Sticking to that, tonight, Rondo brought the inspiration while KG most certainly brought the devastation. Garnett’s 28 points (on 20 shots) and 15 boards were a true flashback to his MVP days and, along with a great night for Paul Pierce, gave Celtics fans new hope that the old champs may be able to knock off the young upstarts yet.
In any event, here are a few post-game thoughts from Kevin Garnett on Rondo’s effort.
“Shorty’s a real tough dude and I seen him play through some hellafied* injuries. I saw his face and I knew he was beat up.”
“I’m not going through the list of injuries that yall are unaware of … but I’ve seen him play through some horrific injuries.”
“When he came in, I was just like ‘that’s typical Rondo.'”
“I dunno what he’s gonna be like when he’s 35, but—for right now—he’s … showing a lot of heart. A lot of grit.”
Who knows if he will play in Game 4, but even if he doesn’t and the Heat ultimately beat the Celtics, no one will ever forget this game.
Lastly, below is the most marquee play from Rajon after the injury: him picking Chris Bosh’s pocket with his left hand, something he barely used post-injury, and dunking with his right, the hand he used to snatch one-armed boards, drive to the hoop and throw cross-court bounce passes.
* I wasn’t sure whether this should be “hellafied” like “qualified” and “dignified” or “hella fide” like “bona fide.” AP Style Guide proved no help. Makes more sense with the former, but my first instinct was the latter.
Finally, it has come to this. Those pesky Bulls had to crash the party, had to make this series take place one round early, but never mind them. While Chicago sweeps the Hawks, all eyes will be on this.
Heat vs. Celtics, Evil vs.Good, free agency vs. the trading market, tampering vs. a little help from your friends, individual Rucker Park basketball vs. championship-level synergy.
Sunday afternoon, it begins — and all we have to do is sit back and watch, pens drawn, narratives abound.
That said, those of us who want to watch a basketball series and not the ultimate battle of clashing basketball philosophies that don’t clash at all are in for a treat as well. Seven All-Stars will take the court Sunday for the start of a four-to-seven-game series. At least 6 future Hall of Famers will play. And if we’re lucky, Hubie Brown will be in the announcing booth, pointing out every important thing we’re watching.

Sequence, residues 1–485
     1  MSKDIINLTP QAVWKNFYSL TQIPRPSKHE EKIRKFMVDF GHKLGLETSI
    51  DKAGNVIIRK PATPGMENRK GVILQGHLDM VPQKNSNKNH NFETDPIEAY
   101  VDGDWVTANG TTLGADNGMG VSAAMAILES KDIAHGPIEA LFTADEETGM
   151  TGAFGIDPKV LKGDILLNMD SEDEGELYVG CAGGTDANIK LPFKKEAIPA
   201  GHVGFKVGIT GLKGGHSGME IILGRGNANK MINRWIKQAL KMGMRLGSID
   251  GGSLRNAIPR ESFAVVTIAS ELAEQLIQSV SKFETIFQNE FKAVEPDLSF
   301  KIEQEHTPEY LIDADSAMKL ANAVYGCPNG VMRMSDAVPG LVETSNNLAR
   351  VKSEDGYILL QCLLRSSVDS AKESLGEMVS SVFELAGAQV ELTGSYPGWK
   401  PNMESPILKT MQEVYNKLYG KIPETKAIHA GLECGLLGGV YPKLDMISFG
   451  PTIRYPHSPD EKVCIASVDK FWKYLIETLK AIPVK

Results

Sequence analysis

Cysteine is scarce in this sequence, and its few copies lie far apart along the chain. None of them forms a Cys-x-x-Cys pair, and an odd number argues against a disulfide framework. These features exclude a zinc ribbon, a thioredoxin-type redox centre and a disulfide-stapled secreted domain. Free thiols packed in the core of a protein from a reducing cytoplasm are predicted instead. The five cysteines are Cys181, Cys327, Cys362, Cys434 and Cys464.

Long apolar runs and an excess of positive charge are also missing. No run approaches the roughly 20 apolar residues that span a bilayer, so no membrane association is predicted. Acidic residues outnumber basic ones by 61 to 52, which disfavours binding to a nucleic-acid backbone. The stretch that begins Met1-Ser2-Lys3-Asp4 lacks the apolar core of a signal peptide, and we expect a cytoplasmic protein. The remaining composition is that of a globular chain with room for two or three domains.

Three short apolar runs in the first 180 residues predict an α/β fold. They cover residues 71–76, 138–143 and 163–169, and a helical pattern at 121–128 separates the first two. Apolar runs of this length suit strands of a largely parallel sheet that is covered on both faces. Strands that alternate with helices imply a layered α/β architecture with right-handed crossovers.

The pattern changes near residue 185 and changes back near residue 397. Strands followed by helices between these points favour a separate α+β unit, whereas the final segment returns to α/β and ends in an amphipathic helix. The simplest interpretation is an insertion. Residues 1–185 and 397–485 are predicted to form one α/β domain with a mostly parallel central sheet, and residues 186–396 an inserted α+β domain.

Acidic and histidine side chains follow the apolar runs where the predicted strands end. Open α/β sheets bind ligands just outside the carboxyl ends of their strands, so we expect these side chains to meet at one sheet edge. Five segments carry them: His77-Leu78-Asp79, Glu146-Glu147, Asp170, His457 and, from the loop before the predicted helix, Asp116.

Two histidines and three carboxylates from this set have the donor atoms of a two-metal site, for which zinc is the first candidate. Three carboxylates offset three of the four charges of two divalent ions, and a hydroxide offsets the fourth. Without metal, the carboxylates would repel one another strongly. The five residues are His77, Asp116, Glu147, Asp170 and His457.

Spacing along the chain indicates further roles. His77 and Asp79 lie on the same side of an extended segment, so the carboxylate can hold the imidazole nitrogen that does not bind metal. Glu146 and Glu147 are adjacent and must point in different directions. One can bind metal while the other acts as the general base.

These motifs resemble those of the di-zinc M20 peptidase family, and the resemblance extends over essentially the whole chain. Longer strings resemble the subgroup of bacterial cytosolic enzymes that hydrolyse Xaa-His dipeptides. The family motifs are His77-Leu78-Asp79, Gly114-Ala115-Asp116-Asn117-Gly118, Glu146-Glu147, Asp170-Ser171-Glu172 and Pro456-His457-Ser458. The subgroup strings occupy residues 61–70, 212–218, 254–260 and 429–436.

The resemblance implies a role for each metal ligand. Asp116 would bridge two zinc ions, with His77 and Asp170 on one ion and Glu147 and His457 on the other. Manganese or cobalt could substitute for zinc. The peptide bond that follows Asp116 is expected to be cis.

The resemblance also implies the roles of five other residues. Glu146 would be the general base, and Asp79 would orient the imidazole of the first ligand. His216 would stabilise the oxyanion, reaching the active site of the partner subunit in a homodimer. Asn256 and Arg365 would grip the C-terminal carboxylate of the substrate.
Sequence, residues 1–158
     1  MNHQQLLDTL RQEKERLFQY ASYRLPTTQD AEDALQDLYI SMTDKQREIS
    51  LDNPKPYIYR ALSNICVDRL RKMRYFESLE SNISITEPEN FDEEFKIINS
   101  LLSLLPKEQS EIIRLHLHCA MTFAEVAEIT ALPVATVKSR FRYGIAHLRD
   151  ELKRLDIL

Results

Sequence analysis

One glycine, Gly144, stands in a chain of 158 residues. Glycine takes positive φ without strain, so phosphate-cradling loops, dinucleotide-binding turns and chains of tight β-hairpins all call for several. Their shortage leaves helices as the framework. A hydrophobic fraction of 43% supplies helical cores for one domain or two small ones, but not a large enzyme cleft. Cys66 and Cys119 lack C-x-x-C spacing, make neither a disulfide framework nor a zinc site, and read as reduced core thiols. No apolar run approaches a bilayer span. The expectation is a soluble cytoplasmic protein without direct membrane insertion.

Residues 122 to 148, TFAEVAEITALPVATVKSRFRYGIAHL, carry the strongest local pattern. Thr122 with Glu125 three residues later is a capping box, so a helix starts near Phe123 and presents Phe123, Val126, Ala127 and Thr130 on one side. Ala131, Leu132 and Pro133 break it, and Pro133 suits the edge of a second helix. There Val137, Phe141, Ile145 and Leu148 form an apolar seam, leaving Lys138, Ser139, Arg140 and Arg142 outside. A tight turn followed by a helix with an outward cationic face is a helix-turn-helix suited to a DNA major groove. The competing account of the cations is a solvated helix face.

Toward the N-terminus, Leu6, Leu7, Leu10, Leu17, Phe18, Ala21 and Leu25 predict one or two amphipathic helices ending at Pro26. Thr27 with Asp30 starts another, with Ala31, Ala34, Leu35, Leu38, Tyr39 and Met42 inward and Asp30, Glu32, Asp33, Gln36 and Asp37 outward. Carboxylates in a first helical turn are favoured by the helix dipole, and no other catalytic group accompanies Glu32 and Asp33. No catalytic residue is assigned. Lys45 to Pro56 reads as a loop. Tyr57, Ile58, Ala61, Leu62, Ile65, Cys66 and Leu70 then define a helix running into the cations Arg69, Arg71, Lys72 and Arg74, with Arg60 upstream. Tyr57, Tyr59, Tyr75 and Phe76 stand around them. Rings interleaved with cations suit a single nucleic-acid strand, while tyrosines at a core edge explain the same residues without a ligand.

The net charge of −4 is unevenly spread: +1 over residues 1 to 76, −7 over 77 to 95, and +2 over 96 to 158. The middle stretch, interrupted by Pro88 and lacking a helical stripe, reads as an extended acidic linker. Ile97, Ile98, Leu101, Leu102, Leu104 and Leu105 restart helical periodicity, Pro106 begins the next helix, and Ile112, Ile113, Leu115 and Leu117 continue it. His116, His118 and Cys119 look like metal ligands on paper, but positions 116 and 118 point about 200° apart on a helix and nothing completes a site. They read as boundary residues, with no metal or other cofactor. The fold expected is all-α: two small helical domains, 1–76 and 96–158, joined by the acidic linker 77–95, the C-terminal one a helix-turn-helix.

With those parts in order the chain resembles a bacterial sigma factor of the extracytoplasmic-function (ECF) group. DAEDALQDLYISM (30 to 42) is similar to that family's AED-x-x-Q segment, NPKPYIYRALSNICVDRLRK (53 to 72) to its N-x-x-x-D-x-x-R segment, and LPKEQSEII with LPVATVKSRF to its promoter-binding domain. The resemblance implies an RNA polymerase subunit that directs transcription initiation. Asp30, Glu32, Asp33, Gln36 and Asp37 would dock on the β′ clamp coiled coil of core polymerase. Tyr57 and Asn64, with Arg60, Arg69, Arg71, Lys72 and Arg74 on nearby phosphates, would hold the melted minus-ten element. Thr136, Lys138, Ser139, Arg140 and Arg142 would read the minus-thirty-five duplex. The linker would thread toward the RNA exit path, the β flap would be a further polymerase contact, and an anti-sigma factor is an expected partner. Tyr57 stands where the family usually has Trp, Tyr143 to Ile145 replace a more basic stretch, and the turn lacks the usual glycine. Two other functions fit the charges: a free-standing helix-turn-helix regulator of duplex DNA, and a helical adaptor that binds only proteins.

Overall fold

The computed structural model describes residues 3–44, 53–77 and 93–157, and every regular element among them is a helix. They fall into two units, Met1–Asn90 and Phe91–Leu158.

But what exactly do we need to be watching when they tip-off?
According to Newmann and Oliver, Pierce checked LeBron 69 percent of the time, with Rajon Rondo, Jeff Green and Marquis Daniels (no longer with the team) filling in the rest. But against Pierce, LeBron shot just 43 percent from the field and his efficiency plummeted to depths rarely seen from him. In fact, LeBron scored 75 points per 100 possessions with Pierce covering him, down from his 93 points per 100 possessions when guarded by all other Celtics defenders.
We’ve seen this going on in previous Lebron vs. Boston series. Though Boston guards Lebron in a team-wide manner, having Pierce spearhead the defensive effort is key – more than ever when the defensive monstrosity that is Jeff Green is the primary second option. Boston needs Pierce in prime shape, hoping that working on Lebron won’t take the same toll it has taken on his offensive game in the past.
Where’s Dwyane Wade?
In four games against Boston this year, Dwyane Wade is shooting 28% from the field. His true shooting percentage isn’t much better, at a disturbingly low 38%. He registered 21 turnovers to 21 assists, and got to the line only 5.8 times a game (after averaging 8.6 for the year). The narrative dictates that Wade is clutch and Lebron is not, that Wade shows up for the playoffs and that Lebron does not, and that Wade is a good person and Lebron is not, but with Lebron’s averages against Boston on par with his season numbers (29, 6.5, 6.5 on 56.2 TS%, albeit 5 turnovers), the onus to show up will be on the former Finals MVP.
Will Rajon Be Rajon?